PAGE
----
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A moose, a spider, and a rat up the toilet - a global and local story

Lisa Laskaridis started 2020 in a new role at the United Nations. She became Head of Communications for UN75 — celebrating the 75th anniversary of the global organization. The decade started at a time of great challenge (which now includes the worst global health crisis in its history). She’s working to bring the world closer together.

Fast forward a few months - and her UN office has moved from the prestigious HQ on the East River to a Hell’s Kitchen studio apartment on the Hudson. The previous decade saw Lisa “move from one continent to another, and traveled to all”. In this time of pause, her world has become a lot smaller. Life bridges the globe and home in Hell’s Kitchen. We talked about the famous quotation “Think globally, act locally”. By coincidence, it was René Dubos who first advocated this way of thinking in 1972, at a United Nations conference in Stockholm (Lisa’s home town)! At the UN, her work around the 75th Anniversary is focused on a crowdsourced solution. “We want the global public to have their say about our future. The primary way is a one minute survey that we have online in 53 languages. We’ve had to add some extra questions related to COVID-19.” Literally everyone can take part in the biggest ever global survey. Early feedback is positive. Asked if they thought we would be better off, worse off, the same as you are today in 2045 – the majority said better off, and that sentiment was greater with younger participants. Overall 95% saw a need for countries to work together. Post-COVID this figure increased.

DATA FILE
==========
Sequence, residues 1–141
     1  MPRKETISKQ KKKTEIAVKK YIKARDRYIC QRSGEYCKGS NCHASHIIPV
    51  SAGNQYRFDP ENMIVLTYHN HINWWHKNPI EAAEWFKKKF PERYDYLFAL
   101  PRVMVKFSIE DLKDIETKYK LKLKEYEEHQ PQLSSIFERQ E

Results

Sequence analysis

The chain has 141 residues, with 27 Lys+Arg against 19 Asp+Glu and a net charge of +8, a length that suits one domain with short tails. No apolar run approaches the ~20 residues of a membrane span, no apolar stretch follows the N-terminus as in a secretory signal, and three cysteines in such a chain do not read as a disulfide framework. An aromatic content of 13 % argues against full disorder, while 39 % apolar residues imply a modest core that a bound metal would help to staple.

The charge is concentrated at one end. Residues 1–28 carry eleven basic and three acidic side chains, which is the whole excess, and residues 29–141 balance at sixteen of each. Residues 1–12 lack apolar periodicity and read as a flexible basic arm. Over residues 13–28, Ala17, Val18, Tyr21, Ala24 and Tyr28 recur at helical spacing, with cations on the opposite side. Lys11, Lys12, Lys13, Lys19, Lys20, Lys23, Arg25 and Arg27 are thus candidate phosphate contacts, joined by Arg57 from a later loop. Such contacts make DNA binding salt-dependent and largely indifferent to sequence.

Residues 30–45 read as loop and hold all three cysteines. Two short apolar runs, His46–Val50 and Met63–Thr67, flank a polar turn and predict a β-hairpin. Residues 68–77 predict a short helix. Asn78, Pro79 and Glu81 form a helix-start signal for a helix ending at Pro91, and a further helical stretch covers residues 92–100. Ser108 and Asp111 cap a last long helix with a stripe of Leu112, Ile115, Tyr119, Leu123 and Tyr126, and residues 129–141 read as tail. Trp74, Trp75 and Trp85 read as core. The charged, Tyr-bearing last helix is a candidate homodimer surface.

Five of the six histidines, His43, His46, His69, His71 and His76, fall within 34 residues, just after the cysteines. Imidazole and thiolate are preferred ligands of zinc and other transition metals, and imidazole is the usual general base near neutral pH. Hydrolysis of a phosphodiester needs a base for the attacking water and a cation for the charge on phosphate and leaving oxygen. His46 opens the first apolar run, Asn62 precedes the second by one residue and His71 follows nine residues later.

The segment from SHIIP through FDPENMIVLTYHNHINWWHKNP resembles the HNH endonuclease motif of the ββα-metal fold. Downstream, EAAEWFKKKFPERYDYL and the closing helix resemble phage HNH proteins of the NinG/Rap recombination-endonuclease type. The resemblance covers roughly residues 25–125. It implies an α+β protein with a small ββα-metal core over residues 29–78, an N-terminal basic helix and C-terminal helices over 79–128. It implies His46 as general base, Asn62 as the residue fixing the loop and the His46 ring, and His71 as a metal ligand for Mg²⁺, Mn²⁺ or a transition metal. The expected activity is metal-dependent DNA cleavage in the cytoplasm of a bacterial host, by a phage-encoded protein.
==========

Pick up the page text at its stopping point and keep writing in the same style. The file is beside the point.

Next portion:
“How do we build back better? Not just now, but in the future.” Lisa sees today as an opportunity to change the world. “Disasters teach us that everything is connected. We are only as strong as our weakest health system. We cannot win unless food is everywhere. This is a time of global challenges that no community or country can manage alone. This is a real opportunity for recovery to a more sustainable and inclusive path.” With such a global role, her Hell’s Kitchen block doesn’t restrict her. She lives on W52nd St between 11th and 12th Avenue. “You’ve got the whole world on one block. On one corner there is Trevor Noah, so there's always the lines of people waiting to see the show. Not now of course” says Lisa. At the other end of the block is the Hustler Club where Banksy did his “Waiting in Vain” artwork. In between as she walks home if there are protesters on the street she’s unsure if they are for Prada’s US HQ “activists against fur” – or the Central Park horses at Clinton Stables. Across the street is De Witt Clinton Park which is full of Hell’s Kitchen history. At the end of the block USNS Comfort was docked until just a week ago. Lisa loves being by the Hudson: “I love the river. I grew up in Stockholm surrounded by water. Maybe it’s because I’m a Pisces that water is of great significance and makes me calm. I can just cross the streets and have the park, the river and the sunsets. I can feel sane and happy away from the very hectic city.” On her travels around the world she’s certainly had some experiences. “I was attacked by a moose, had a deadly spider in my sock and a rat in my toilet, got dengue from a mosquito and was kissed by a giraffe.” The moose attack was in Grand Canyon: “It was the moment in my life that I was most scared and I've been traveling in conflict zones. Yes, I've been in a lot of crazy situations, but this was something else!”